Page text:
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Tuesday, December 10, 2013
- Coal, oil and gas companies and their backers in the financial and investment industry must stop putting billions of dollars into finding and extracting new sources of fossil fuels. If they don’t shift their investments, temperatures will soar four to 10 degrees C higher, devastating many parts of the world, the World Bank said Monday.
The world is on track to a “four-degree C world” marked by extreme heat-waves, declining global food stocks, loss of ecosystems and biodiversity, and life-threatening sea-level rise, according to an in-depth study by the World Bank released Monday.
“It is my hope that this report shocks us into action,” said JimYong Kim, president of the World Bank Group.
“A 4 degree C warmer world can, and must be, avoided – we need to hold warming below 2C,” said Kim in a statement.
“This report should awaken world leaders out of their slumber on climate change,” said Andrew Steer, president of the World Resources Institute, a U.S.-based environmental organisation.
“The alarm bell on global warming is ringing. Let’s hope world leaders are listening,” Steer said.
The World Bank report, “Turn Down the Heat”, spells out what the world would be like if it warmed by four degrees C (7.2 Fahrenheit). Scientists are nearly unanimously predicting this before the end of the century without serious policy changes, the report said.
“We’re already being impacted by climate change,” said Bill Hare, director of Climate Analytics in Berlin, one of two climate science centres that produced the World Bank report.
Global temperatures have only risen 0.8C so far. Worldwide, the cost of climate change is estimated at 1.2 trillion dollars annually, and the greatest impacts are on the poor and on poor countries. However, rich countries like the United States are not immune.
This year’s drought has cost the U.S. economy at least 100 billion dollars, according to Deutsche Bank Securities Inc. In addition, Superstorm Sandy caused 50 to 70 billion dollars in damages.
“It is really scary to realise there’s a one in 10 chance we will be at 4C by 2070,” Hare told IPS in an interview.
While the global average might be four degrees C, the actual temperatures over land would range between four and 10 degrees C higher. The United States is likely to see monthly summer temperatures rise by more than six degrees C. Temperatures in the Mediterranean are expected to be nine degrees C warmer than the warmest July by 2080.
The Sahara and the Middle East will see temperatures as high as 45 degrees C, or six to seven degrees C above the warmest July today, the report warns.
No nation will be immune but it is tropical countries where the impacts will be worst. Sea level rises will be 20 percent higher than elsewhere, and tropical cyclone intensity will increase as will drought.
“I’m very worried about food production. We cannot assume we can grow crops if the world warms four degrees C,” said Hare.
At such higher temperatures, droughts will increase. Nearly half of the world’s croplands will be affected by drought by 2100. Worst off will be Southern Africa, the United States, Southern Europe and Southeast Asia, the report says.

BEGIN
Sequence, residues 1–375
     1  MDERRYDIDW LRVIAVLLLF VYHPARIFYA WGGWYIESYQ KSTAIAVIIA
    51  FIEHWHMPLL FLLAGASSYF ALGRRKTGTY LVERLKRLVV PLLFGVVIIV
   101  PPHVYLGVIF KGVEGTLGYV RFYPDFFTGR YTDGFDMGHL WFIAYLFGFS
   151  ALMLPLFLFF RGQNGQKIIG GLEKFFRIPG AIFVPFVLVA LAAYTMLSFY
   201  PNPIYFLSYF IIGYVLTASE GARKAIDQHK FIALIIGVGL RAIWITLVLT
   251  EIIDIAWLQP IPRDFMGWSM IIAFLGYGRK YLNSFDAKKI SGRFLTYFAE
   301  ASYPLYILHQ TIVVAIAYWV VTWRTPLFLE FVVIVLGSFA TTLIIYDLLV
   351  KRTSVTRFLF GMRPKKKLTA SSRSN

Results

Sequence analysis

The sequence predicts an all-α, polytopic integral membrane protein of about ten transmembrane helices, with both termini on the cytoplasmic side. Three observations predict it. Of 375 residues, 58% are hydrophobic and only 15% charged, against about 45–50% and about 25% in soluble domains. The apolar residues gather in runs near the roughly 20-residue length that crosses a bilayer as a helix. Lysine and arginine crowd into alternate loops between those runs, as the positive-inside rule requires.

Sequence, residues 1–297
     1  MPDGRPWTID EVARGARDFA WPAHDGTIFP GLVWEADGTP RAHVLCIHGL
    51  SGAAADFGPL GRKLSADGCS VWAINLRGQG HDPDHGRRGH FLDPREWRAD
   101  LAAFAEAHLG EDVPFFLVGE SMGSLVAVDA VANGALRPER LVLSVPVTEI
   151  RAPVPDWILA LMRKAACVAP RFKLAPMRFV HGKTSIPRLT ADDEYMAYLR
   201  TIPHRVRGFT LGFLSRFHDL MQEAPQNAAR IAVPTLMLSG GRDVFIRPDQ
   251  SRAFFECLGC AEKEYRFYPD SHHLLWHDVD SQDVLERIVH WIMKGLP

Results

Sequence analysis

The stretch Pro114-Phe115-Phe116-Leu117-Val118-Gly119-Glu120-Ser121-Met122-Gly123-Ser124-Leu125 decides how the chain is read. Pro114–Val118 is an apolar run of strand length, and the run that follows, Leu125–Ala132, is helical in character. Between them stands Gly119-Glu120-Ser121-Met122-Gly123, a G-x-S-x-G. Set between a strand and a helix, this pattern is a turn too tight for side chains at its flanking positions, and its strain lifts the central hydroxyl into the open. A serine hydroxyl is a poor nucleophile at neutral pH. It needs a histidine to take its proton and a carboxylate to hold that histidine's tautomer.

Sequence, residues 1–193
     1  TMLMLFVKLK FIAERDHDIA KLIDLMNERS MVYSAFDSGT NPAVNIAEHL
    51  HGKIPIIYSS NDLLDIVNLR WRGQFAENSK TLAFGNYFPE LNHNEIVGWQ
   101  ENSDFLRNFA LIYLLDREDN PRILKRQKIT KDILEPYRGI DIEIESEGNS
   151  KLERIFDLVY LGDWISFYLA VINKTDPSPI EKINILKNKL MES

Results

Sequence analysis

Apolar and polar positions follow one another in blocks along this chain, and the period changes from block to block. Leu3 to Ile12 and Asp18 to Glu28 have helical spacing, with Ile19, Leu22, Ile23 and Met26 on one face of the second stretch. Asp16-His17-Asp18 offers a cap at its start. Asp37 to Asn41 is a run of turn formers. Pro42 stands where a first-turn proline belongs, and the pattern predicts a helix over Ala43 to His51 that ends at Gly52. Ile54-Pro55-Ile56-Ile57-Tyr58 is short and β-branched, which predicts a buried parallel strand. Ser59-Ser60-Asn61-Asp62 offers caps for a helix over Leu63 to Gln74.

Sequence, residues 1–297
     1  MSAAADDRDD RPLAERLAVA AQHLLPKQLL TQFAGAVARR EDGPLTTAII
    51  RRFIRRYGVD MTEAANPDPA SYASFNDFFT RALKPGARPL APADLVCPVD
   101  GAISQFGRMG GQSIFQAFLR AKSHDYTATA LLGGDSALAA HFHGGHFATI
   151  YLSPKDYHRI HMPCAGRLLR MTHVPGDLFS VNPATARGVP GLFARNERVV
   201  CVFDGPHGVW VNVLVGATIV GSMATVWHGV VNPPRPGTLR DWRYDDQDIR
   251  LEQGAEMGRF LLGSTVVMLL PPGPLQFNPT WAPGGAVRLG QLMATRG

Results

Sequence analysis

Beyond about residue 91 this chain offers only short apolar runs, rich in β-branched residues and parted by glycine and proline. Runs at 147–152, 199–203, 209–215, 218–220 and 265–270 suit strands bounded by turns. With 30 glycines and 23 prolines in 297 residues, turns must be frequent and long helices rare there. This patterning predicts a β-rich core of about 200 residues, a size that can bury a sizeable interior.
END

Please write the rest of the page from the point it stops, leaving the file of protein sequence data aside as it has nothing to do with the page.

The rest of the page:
Coral reefs will stop growing by 2030 because fossil fuel emissions are turning the oceans increasingly acidic. By mid-century, corals will dissolve without major reductions in fossil fuel use, the report notes.
Corals provide home and habitat to 25 to 33 percent of all ocean life and are considered one of the life-support systems essential for human survival, according to the World Conservation Union (IUCN).
Given these and other known and unknown impacts from such a major increase in temperatures, the World Bank concludes that human adaptation to such conditions may not be possible. Countries will likely “experience severe disruptions, damage and dislocation”.
The report has little to say about solutions to stay below two degrees C. It simply concludes by saying “only early, cooperative, international actions can make that happen”.
Bank president Kim says the Bank intends to “redouble our efforts to support fast growing national initiatives to mitigate carbon emissions”.
However, the bank still continues to put its money into fossil fuel projects such as a proposed coal-fired power plant in Kosovo.
“Will the Bank seize the Kosovo project as an opportunity to model a new approach to development?” asks Carroll Muffett, president of the Center for International Environmental Law.
Up to 2011, the Bank spent 25 percent of its energy lending – 3.4 billion dollars – on coal-fired power plants.
“Or will it sound a clarion call the world should heed, then promptly ignore the call itself?” Muffett asked.
With governments subsidising the fossil fuel industry to the tune of 600 billion dollars per year, according to the Global Subsidies Initiative, and the industry itself investing a similar amount this year in exploration and new production, “We are clearly going in the wrong direction,” said Hare.
“We need to switch away from those investments,” he said, but it is not happening despite the seriousness of the climate challenge and increasingly dire reports like the World Bank’s.
“There is simply no leadership,” Hare told IPS.
There is a major opportunity to change this at the U.N. climate negotiations known as COP 18 that commence Nov. 26 in Doha, Qatar.
However, Hare remains pessimistic. “It is hard to imagine what it will take to get real action at COP 18,” he said.